What is OSHA’s top post-COVID enforcement priority?  According to Assistant Secretary of Labor and the head of the Occupational Safety and Health Administration (“OSHA”), Doug Parker, it’s heat-related illnesses.  On April 8, 2022, OSHA released its National Emphasis Program (“NEP”) for heat related issues in the workplace.

Before becoming head of federal OSHA enforcement, Mr. Parker was head of Cal/OSHA, one of the few states in the country to have a state plan, including its own dedicated heat illness prevention standard.  The NEP bring this issue to the forefront of federal OSHA’s inspection and enforcement priorities, as the agency works in the meantime to create a proposed rule (i.e. a dedicated, permanent standard).  For now, OSHA will use the NEP and its General Duty clause to target and begin conducting heat-related workplace inspections at “High-Hazard” heat illness employers in the near future.

How should employers prepare? First, understand the work-related hazard OSHA is trying to prevent and mitigate: heat-related illnesses and stress that result when the human body can no longer regulate its internal temperature.  Such illnesses include heat stroke, heat exhaustion, heat cramps, and other illnesses – many of which may result in death—with symptoms that include high body temperature, confusion, dizziness, headache, nausea and vomiting.

Second, employers should determine if they are covered by the NEP, which targets “High-Hazard” industries with both indoor and outdoor operations based on NAICS codes and includes industries from manufacturing, construction and transportation to restaurants, skilled nursing facilities and employment services industries.  See NEP, Appendix A.

Third, employers should evaluate the potential for outdoor and indoor heat illness hazards and either develop a program to address those heat hazards or review existing policies and training programs that address heat exposure.  At a minimum, employers should start with and build off of the well-worn mantra: “Water. Rest. Shade.”

Although many employers with Southern locations deal with warmer temperatures year-round, summer is quickly approaching for the entire country and employers in “High-Hazard” industries should anticipate unannounced inspections from OSHA on “any day that the National Weather Service has announced a heat warning or advisory for the local area.”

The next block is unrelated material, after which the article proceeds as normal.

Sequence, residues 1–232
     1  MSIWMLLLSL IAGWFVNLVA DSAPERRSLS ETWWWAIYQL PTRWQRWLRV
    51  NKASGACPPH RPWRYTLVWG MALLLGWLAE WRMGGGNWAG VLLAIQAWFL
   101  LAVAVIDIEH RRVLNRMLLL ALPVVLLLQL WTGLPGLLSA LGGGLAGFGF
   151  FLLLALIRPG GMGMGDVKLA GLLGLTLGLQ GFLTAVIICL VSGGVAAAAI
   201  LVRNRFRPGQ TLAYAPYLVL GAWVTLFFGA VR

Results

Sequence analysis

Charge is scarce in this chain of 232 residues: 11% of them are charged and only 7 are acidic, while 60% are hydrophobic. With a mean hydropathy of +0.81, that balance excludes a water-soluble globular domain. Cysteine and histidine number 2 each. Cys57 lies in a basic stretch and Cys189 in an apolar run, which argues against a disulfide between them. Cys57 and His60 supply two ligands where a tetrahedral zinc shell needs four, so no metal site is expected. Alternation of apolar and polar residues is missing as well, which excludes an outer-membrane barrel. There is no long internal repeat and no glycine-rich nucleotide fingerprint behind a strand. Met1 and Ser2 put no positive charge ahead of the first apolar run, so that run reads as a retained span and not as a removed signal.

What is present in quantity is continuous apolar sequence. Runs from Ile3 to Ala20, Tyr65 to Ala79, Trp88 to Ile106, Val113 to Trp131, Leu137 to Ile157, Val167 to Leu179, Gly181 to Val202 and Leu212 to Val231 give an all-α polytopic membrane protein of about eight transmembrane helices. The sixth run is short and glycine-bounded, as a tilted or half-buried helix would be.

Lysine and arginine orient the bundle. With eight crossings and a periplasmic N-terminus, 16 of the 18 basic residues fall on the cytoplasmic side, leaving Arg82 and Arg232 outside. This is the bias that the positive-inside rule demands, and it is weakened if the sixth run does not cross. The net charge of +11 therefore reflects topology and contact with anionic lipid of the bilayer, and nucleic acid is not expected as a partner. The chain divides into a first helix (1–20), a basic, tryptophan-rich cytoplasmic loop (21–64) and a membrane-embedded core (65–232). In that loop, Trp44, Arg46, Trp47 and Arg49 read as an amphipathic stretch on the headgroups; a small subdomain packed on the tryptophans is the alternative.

If you have any questions about the NEP, developing and revising heat illness prevention programs, or how to prepare for an OSHA inspection, please contact Frantz Ward OSHA attorneys Christina Niro or Jon Scandling.

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Photo of Christina Niro Christina Niro

Christina advises and represents employers in a broad range of employment law matters, from discrimination, retaliation, and harassment, to cases involving contract disputes, restrictive covenants, trade secret misappropriation and unfair competition. She has litigated and tried cases in state and federal courts and…

Christina advises and represents employers in a broad range of employment law matters, from discrimination, retaliation, and harassment, to cases involving contract disputes, restrictive covenants, trade secret misappropriation and unfair competition. She has litigated and tried cases in state and federal courts and various administrative agencies. Christina also provides employers of all sizes with day-to-day preventive counseling on wage and hour issues, employee discipline, litigation prevention strategies, employee handbook and policy development, and adherence to federal and state family and medical leave laws. Christina also conducts EEO training to help employers understand, prevent and correct discrimination in the workplace.

Photo of Jonathan M. Scandling Jonathan M. Scandling

Jon focuses his practice on the representation of management in all aspects of labor and employment law. He provides counseling and training to clients for best practices on a wide range of human resource issues such as terminations, compliance with employment laws, workplace…

Jon focuses his practice on the representation of management in all aspects of labor and employment law. He provides counseling and training to clients for best practices on a wide range of human resource issues such as terminations, compliance with employment laws, workplace investigations, and the preparation of policies and employment agreements. Jon also assists with the implementation of arbitration agreements and policies for employers.

Jon has extensive experience in public sector labor & employment law, with much of his practice revolving around traditional labor matters. Prior to Frantz Ward, Jon worked for Cuyahoga County as an Assistant Law Director in the Labor & Employment Group. While at the County, Jon’s practice involved traditional labor matters where he represented management in a complex labor/management relationship comprised of over 37 separate bargaining units, employment litigation and general employment counseling. He appeared in both state and federal court, and represented management in State Employment Relations Board hearings, contract negotiations, grievance arbitration and various other forums. Jon also has extensive experience dealing directly with various public sector unions, ranging from deputy and correction officers to office workers and clerical employees. He also was a law clerk for the State Employment Relations Board in Columbus.